The times were different. Bush had just wrested control of the Governor's Mansion after eight years of Democratic rule and he enjoyed delving into the deepest details of policy. As the years went by, Republicans chafed at what they felt was Bush's heavy-handed style in dealing with the Legislature.
Crist is well-liked by lawmakers, but after the Bush years they seem eager to reassert their independence from the executive branch.
"The Legislature was beaten up by Jeb Bush in a lot of ways, " said lobbyist Ron Book. "But Charlie Crist will get plenty of what he wants and he'll get what he needs."
Lawmakers blamed the trimming of Crist's budget priorities on tight fiscal times caused by a slide in tax collections, not any philosophical disagreements.
"When you have a billion dollars less after the governor puts his budget out, that has an effect on a lot of initiatives," said Senate President Ken Pruitt, R-Port St. Lucie.
Lawmakers still found hundreds of millions of dollars for projects in their hometowns, largely one-time expenditures for parks, water systems, courthouse renovations and anticrime programs. They paid for them using one-time money, which is largely not allowed for continuing programs. They also socked away more than $1-billion in the state's rainy day fund.
An unusual set of political dynamics resulted in Democrats praising Crist's priorities, and criticizing Crist's fellow Republicans for falling short, as in the case of providing bonuses for state workers but no raises.
"If he Crist could factor it into his budget, we could have factored it into ours, instead of giving state employees what's left over," said Rep. Curtis Richardson, D-Tallahassee, who represents tens of thousands of state workers.
A few of Crist's forceful policy pronouncements became faint echoes as the 2007 session drew to a close Friday.
For example, in his inaugural address on Jan. 2, Crist listed as a priority "quality, affordable, accessible health care" for all Floridians. A bill that would have expanded access to KidCare, a federally subsidized health insurance program for children, failed when the Senate refused to consider it in the session's final days.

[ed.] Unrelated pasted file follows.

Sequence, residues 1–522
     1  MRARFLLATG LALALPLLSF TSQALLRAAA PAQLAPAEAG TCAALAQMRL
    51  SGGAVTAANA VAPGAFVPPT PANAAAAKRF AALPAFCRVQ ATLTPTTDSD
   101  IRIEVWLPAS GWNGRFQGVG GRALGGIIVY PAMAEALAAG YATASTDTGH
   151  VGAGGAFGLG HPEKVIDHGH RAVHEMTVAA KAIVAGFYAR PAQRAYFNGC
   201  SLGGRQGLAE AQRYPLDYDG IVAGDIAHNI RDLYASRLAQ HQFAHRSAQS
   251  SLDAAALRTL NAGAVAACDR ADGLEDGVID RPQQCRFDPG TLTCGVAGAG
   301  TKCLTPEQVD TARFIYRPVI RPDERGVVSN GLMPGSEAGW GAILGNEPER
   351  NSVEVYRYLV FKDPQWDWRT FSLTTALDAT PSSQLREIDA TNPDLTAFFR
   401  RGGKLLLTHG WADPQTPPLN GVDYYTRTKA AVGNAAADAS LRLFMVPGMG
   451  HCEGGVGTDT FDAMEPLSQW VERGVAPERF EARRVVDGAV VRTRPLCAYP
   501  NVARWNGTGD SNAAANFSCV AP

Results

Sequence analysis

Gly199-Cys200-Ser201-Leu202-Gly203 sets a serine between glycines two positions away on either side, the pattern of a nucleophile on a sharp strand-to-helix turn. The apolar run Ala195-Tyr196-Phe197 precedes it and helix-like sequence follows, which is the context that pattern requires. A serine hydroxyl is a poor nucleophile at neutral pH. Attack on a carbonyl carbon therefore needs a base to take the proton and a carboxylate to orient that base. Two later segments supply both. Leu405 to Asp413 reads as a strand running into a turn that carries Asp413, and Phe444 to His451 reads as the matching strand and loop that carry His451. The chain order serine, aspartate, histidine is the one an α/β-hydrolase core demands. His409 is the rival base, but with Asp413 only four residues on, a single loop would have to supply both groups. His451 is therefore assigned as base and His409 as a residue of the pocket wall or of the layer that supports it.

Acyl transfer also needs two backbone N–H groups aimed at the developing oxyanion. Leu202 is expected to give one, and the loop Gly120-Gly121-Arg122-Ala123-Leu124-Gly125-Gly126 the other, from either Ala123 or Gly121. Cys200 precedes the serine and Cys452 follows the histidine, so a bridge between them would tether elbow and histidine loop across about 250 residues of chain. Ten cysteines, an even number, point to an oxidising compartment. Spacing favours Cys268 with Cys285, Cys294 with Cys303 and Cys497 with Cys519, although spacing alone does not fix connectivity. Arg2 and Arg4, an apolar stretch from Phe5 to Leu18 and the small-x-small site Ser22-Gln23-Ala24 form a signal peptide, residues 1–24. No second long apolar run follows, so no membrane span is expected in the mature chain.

Health care advocates said Crist could have used his bully pulpit to get the bill passed. On May 1, he sent a one-sentence letter to Pruitt that said: "I respectively request your assistance in placing the following bill on the Senate Calendar for consideration."
The Senate did nothing.
What others call lobbying, Crist calls "encouragement," which raises a question: Is Crist so polite that lawmakers aren't afraid to say no to him, and should he be more forceful?
"I don't think the word 'forceful' could be used for Charlie Crist," Pruitt said. "He's genuinely the nicest guy I've ever met."
The governor acknowledged that his manner of dealing with lawmakers was more deferential than Bush. Crist said his legislative lobbyists and Lt. Gov. Jeff Kottkamp, a former House member, worked feverishly behind the scenes to advance his agenda, largely with successful results.
"There's a different style, no question about it," Crist said. "And I think, I hope, that we have communicated effectively on the things that are important on behalf of the people."